Once, when wasps built a nest outside the backdoor of a house I lived in, I got a spray that you could shoot at the nest, which worked great. But how on earth do you use a spray for a nest that is somewhere within a metal tube, with entry holes barely big enough for the wasps themselves to climb through? Do we have to call an expert for that? Does that mean getting on the phone and comparing prices and all of that? For a nest in a basketball hoop? I wonder how that conversation would go.

“Hello, I need someone to come a remove a wasps nest.”

“Where is the nest located, sir?”

“Inside the piping that supports the backboard of our basketball hoop.”

“Is this some kind of joke, sir?”

Maybe, if we just leave the wasps alone, the cold of winter will take care of them.

Put French doors in my office. When we bought this house, we said we’d put French door between the living room and my office. It has been on my to-do list for over 2 years now with no progress made. This is another one of those things that should be simple, but involves lots of phone calls, estimates, and stuff that I do enough of at work and don’t really want to do at home.

Put a storm door on the front door. I think ours may be the only house on our street that doesn’t have a storm door on the front door of the house. I light having lots of light, and while our house is pretty bright, it would be nice to be able to keep the front door open and have additional light filtered into the house through the storm door.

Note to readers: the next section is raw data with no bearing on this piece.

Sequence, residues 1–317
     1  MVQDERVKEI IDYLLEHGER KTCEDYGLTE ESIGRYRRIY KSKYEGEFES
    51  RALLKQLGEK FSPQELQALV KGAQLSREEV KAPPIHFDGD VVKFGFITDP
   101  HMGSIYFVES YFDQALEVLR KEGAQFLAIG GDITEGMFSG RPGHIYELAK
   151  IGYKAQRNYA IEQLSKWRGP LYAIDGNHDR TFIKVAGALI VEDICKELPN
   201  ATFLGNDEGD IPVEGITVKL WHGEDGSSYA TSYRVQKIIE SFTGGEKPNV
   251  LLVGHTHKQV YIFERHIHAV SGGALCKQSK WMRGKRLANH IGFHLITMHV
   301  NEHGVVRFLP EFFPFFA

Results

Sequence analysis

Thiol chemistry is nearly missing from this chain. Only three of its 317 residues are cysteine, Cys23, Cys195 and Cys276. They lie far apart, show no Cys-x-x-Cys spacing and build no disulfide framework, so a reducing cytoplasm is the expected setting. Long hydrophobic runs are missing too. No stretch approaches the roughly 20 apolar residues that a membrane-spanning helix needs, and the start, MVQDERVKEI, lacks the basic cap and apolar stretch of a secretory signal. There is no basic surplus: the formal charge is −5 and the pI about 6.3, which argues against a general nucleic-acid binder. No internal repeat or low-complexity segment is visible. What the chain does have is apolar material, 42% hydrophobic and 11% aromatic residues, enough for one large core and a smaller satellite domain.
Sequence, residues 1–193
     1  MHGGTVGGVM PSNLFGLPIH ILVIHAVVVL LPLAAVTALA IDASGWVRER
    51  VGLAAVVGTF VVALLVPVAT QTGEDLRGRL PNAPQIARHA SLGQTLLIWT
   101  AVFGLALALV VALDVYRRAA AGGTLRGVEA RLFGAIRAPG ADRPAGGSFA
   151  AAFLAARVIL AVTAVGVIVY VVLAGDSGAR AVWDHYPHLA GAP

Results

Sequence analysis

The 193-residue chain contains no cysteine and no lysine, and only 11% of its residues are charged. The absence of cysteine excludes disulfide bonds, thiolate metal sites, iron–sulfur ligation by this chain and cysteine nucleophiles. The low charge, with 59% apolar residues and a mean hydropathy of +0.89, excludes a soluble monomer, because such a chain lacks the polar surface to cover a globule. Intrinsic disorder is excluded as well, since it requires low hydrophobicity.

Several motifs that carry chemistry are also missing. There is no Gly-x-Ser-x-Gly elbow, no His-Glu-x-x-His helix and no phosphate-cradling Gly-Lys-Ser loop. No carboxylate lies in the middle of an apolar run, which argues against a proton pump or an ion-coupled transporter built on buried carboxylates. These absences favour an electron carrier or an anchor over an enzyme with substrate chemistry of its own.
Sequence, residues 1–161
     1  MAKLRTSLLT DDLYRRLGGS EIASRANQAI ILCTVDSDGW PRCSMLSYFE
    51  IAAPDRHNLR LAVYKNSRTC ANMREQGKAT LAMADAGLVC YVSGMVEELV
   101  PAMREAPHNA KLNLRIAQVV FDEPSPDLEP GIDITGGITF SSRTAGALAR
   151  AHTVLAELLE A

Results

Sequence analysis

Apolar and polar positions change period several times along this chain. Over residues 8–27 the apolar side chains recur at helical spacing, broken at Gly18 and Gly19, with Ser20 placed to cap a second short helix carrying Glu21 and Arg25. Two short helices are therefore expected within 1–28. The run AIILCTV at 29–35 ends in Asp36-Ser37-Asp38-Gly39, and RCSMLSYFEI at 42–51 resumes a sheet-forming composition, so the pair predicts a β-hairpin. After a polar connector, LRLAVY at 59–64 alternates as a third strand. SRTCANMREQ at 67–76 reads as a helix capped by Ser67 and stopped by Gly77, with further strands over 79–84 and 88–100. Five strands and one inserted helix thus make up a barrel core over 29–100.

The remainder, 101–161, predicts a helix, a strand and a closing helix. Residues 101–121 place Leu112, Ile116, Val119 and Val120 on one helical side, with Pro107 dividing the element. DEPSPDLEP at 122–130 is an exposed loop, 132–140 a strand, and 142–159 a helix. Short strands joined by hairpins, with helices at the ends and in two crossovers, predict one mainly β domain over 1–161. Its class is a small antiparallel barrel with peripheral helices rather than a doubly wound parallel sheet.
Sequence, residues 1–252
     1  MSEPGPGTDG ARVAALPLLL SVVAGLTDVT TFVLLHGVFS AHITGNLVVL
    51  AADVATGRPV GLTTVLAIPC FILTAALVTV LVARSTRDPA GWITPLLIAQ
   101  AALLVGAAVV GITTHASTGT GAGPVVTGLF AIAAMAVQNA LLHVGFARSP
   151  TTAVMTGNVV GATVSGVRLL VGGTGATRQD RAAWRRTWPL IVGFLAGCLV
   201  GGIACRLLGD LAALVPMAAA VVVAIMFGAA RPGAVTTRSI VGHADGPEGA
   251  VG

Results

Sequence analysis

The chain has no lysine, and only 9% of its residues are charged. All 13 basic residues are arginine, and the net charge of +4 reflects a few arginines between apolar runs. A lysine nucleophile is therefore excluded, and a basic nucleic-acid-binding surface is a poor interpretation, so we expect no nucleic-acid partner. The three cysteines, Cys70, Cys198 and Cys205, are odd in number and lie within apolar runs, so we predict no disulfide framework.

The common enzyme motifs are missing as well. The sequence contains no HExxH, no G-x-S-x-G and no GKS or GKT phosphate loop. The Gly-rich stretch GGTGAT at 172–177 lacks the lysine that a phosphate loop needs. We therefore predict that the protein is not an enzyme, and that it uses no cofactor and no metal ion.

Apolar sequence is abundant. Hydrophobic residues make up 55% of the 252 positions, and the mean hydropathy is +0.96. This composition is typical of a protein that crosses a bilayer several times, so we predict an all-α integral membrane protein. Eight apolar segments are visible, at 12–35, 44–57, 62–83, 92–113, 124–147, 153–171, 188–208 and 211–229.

There are other things that need to be done:

  • Several light bulbs are out and need to be replaced.
  • One of the security lights out front doesn’t come on when it should.
  • All but one of the lights around the perimeter of the deck are out.
  • The storage room downstairs needs a complete makeover. I’d like to put shelves and a freezer in there.

Then there are the things that I imagine will eventually need to be done:

  • Replace the air conditioner. Every summer I worry that it’s going to give up the ghost. Every summer it surprises me. I think it is attempting to surprise me into complacence. How long can it really last since it was pretty old when we moved in.
  • Replace the hot water heater. Every time we go on a trip I worry that it will finally give out. This is why I always shut off the main water valve before we leave town. I check the water heater frequently for signs of wear, rust, or leaks. It’s old but it is hanging in there. I think the water heater is in league with the air conditioner to lull me into complacence.

The problem, of course, is the same problem with mowing a lawn in the spring: even if I could manage to get everything on this list done, by the time I’d finished, the list would have simply grown back and I’d have to start all over again.